Friday, September 10, 2021

The time has come for James Horan and his Mayo players to deliver in an All-Ireland final. Picture: INPHO/James Crombie


By Ian Cooney

It didn’t seem like it at the time but Mayo’s comfortable victory against Roscommon in last November’s Connacht senior football final at Dr. Hyde Park proved to be a seminal moment in the development of James Horan’s “new” team.

The widely-held view beforehand was that Roscommon, with some marquee players back in the groove, were buoyant after returning to Division One. Deep down, supporters around Ballaghaderreen and Cloonfad could afford a wry smile as they watched their neighbours from across the divide going in the other direction, having just been ousted from elite league football for the first time in 23 years.

What subsequently transpired on that eerie, cool autumnal afternoon, in front of the Hyde’s empty terraces, became pertinent — a sneak preview to the contrasting fortunes both sides have enjoyed, and suffered, since then.

In truth, it was a six-point hammering from a Roscommon perspective. The ease at which Mayo ripped the home side asunder for three-quarters of the match was staggering. Running from deep, players taking the ball off the shoulder at pace, the right options being taken and the physicality — it was there in abundance that day.

Transition, what transition?

Mayo’s journey since then has been quite incredible. Getting All-Ireland final experience into a host of new players last December came with the benefits of a “free shot” in trying to take down the Dubs. Mayo won many admirers that day, as they always do in an All-Ireland final, for their sheer stubbornness and refusal to wilt.

The subsequent defeat felt different. Of course, there was disappointment and regret, but the pervading feeling emanating from Croke Park that evening was that they would be back.

That they have returned to Gaelic football’s biggest day on a diet of Division Two League football, which was short-lived, and without their talisman Cillian O’Connor is nothing short of remarkable — and we haven’t mentioned taking out the seemingly unbeatable Dubs in the All-Ireland semi-final yet.

Then again, Dublin’s heads were gone by the end of it all — their discipline, or lack of, returning to the dark days when nobody liked them. Put it another way — Dublin would have never coughed up their half-time lead under Jim Gavin.

So, here’s the catch. While there isn’t a Dublin and Kerry waiting for them, this isn’t a free pass for Mayo in terms of ending one of the most captivating sports stories in living memory. There comes a time when all the talk about being gallant losers and bouncing back must be shelved. This is Mayo’s time. There can be no excuses or backslapping for trying their best. On Saturday next, Mayo’s best simply must be good enough.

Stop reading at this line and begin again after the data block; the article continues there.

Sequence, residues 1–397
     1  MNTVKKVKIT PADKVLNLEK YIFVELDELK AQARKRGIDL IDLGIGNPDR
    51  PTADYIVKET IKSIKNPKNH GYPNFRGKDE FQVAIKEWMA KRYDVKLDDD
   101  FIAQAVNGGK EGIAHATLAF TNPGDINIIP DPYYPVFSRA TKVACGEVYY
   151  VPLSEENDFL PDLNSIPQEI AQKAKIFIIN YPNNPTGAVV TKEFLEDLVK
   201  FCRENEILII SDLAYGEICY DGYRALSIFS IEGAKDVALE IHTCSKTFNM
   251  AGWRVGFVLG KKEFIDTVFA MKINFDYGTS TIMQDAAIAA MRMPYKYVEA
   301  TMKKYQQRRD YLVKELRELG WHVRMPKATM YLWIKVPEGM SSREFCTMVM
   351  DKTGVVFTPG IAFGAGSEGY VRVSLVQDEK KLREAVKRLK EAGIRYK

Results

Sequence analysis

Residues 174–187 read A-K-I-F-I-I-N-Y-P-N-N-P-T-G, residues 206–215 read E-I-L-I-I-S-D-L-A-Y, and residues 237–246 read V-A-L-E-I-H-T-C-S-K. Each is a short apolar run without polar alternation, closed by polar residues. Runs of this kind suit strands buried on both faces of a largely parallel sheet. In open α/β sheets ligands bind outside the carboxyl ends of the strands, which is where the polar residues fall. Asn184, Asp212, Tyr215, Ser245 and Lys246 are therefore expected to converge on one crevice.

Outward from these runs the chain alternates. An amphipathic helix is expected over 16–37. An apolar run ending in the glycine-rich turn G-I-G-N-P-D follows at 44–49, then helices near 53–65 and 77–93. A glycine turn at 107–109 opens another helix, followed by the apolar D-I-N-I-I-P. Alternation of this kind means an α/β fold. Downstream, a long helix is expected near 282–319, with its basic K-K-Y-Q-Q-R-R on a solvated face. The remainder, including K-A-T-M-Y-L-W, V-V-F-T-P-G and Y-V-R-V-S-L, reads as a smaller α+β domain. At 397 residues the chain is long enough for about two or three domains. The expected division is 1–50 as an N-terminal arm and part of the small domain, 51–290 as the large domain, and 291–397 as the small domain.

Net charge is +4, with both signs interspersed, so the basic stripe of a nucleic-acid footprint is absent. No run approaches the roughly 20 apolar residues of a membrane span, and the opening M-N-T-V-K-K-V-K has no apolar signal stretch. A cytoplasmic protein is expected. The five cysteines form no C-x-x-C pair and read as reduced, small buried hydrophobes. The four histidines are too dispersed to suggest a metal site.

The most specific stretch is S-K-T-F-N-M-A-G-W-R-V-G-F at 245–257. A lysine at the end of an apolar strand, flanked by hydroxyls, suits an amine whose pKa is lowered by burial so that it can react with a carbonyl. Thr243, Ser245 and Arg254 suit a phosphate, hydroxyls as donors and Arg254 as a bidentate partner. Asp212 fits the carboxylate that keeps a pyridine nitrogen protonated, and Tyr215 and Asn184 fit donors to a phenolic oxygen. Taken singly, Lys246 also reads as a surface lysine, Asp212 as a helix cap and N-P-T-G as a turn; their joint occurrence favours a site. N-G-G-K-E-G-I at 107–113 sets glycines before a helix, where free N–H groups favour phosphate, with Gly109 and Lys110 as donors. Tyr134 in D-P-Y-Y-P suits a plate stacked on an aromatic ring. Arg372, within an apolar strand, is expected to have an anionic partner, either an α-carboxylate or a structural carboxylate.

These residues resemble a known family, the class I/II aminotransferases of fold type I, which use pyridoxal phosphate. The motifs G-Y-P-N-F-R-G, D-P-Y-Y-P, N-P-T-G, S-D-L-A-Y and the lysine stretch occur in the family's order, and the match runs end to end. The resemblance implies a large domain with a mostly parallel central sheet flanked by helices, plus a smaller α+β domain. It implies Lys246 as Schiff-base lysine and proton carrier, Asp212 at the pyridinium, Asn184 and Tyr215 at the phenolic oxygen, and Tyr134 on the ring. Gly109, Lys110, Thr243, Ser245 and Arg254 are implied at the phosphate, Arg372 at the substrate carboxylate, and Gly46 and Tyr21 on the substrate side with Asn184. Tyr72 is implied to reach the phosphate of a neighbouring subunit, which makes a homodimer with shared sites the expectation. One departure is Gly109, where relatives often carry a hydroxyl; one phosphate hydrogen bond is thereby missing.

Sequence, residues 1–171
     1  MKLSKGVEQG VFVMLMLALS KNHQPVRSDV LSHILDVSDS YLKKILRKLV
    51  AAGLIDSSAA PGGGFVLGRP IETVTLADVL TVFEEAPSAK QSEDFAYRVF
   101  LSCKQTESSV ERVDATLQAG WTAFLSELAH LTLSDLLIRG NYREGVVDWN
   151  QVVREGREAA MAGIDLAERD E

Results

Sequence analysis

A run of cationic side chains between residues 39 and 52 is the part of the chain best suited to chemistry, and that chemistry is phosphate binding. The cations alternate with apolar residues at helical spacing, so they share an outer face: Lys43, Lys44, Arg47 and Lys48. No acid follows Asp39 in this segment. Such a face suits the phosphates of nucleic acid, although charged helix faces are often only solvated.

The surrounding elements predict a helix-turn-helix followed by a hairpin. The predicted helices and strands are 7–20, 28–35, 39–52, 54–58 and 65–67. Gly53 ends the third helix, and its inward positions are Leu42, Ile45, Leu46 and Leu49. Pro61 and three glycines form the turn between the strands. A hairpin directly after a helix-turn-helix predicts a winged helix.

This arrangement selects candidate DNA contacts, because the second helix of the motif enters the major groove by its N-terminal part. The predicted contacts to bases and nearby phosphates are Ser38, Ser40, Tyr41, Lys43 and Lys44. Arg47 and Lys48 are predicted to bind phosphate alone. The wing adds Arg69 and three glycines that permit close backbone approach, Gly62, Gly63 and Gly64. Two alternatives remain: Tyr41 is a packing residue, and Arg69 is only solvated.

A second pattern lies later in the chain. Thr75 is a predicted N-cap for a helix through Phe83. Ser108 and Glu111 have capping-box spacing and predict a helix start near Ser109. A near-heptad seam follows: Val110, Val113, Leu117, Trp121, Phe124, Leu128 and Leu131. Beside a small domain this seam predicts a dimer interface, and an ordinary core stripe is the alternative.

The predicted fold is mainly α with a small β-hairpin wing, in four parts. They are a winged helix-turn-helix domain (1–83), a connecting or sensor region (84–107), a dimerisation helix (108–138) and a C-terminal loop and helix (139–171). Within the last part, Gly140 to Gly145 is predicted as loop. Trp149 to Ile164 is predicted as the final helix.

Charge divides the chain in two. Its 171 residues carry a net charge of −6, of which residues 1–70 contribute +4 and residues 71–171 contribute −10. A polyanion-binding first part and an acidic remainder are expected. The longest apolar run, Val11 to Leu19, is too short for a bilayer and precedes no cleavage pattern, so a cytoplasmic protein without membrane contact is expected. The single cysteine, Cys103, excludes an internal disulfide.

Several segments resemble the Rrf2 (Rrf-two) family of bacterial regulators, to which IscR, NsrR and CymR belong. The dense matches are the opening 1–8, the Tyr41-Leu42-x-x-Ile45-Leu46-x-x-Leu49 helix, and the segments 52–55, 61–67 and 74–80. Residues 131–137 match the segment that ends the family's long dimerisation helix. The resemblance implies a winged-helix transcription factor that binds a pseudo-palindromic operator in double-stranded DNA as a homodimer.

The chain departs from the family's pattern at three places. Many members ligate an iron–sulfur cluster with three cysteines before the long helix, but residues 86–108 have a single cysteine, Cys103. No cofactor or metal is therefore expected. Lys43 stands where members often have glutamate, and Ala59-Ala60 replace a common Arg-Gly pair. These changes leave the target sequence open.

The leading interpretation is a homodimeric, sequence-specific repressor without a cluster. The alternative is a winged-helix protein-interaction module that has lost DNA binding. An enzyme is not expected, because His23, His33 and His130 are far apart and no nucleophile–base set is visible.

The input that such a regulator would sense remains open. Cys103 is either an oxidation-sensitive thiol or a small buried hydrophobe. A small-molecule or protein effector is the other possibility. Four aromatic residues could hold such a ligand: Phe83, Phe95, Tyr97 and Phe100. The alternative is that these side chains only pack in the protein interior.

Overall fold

Of course, there are doubts. Until Aidan O’Shea finally has his hands on Sam, it won’t feel real. Indeed, the captain may be a good place to start when it comes to mounting a case favouring a Mayo victory. He has gone missing in previous big games in Croke Park, and he’ll be glad that it’s not the Dubs once more in the final. But he needs to throw himself about on Saturday. He needs to be the one leading Mayo’s charge when meeting fire with fire.

For all the talk about Tyrone and Covid, it only feeds into the Ulster side’s willingness and sheer delight in becoming the ultimate party-poopers. They’re always perceived as the villain of the piece, and with former player Seán Cavanagh’s biased punditry on RTE greatly feeding into that narrative, one can only imagine them rubbing their hands gleefully at the thoughts of prolonging Mayo’s agony when the rest of the country is willing the Connacht champions to succeed.

At a dinner in New York in 2006 when the late Dermot Earley likened Roscommon to Japan — a formidable force in the 1940s. Given that Tyrone are masters of doing everything on their terms, North Korea comes to mind.

At their recent press night ahead of Saturday’s final, they landed the first blow by dictating to journalists that no questions were allowed about the team’s much-publicised Covid-19 episode. It might come back to bite them because this could be the game where Covid finally catches up with them.

The Ulster kingpins will be teak tough, and they’ll play on the edge. But Mayo, unlike Kerry, are road-tested following the manner of those victories against Galway and Dublin. Tyrone won’t bully Mayo because Mayo are also past masters at bringing the laws of the game to breaking point before knowing when to step back from the cliff-edge.

In 2012, Mayo missed the boat against Donegal when a similar window of opportunity was prised open, only for basic mistakes to undermine their bid to end the famine. The county has been through so much heartbreak since then, but it has merely hardened the players’ resolve to come back for more.

A new team backboned by an experienced core. All the ingredients are in place for deliverance.

If not now for Mayo, when?

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